3) "A People's History of the United States" is another classic by Howard Zinn, but this one is not as impartial. :) Zinn was a strong social critic and activist, with a heavy tilt toward the left. However this book is meticulously footnoted and strongly argued. He also has the decency not offered by many left- or right-wing authors to lay out his bias at the front. He said in the introduction that his book is no more impartial or neutral than any other textbook or history book..but it's no less so, either. All history books take a perspective, but the perspectives he writes about--of the downtrodden, the losers, the poor--are rarely truly covered in more traditional history books.

Today is Geek Pride Day. Here is a sampling of my geekhood. :)

Thursday, May 20, 2010


Now I'm feeling all bloggy, so I'm writing again. I feel compelled by two recent events to think through some things.

First off, an old friend from high school mentioned my rather cynical Valentine's Day entry, both to confirm my feelings and provide me with some new perspectives to think through. I really appreciated the response, and it has helped as I've mulled it over. I'm feeling a little less cynical.

Then, around the same exact time he was writing, I was hanging out with some friends--the twins' mom and dad, actually! Yay, twins! Anyway. We were talking about my lack of serious dating potential in the area, and I was set to be all jaded as usual, and then my friend said something nice. She told me that she had hope for me and what lays ahead. It made me feel good.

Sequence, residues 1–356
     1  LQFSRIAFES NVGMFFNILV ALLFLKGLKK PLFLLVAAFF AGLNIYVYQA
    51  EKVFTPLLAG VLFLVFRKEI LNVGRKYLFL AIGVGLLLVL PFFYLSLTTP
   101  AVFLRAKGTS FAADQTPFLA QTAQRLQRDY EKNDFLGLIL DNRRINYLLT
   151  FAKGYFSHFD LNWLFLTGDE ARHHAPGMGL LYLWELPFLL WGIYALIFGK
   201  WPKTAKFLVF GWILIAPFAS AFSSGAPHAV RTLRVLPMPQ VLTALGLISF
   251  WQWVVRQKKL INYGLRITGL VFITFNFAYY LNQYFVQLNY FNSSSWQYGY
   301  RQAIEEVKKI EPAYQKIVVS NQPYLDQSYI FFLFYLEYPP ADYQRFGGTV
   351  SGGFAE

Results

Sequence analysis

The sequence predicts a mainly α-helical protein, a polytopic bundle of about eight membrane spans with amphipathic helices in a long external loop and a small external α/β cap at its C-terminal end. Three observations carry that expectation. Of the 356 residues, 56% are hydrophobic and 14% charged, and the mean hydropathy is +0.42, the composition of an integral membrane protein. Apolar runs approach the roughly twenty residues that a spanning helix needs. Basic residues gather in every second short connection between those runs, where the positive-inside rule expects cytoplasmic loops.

It took a few days for those two events to collide, but they've just done so as I've partially drifted off to sleep and back into wakefulness. In my jaded Valentine's Day post, I said how I hated when people tell me to be patient or that "it will happen" because it sounds so condescending to me. Yet, when my friend told me she had hope for me, I felt really good. I got to wondering what the big difference is between those statements that would lead to such different emotional responses on my part.

It is this:

The former statements feel condescending because they sound like the kind of thing you would tell a kid who wants a new toy. "Just ask Santa and you'll get it!!" We always say stuff like that to kids, along with telling them to ask God, or to be patient, or whatever. I interpret all these things in the same way.

The latter is not condescending because it sounds like the speaker's own personal feelings of hope and positivity on my behalf. It's not a pat on the head but a statement of personal conviction or positive energy toward how the speaker sees my fate. I interpret that as similar to a more adult compliment or statement of faith in me as a person who is capable of great things...and deserving of having great things happen to me.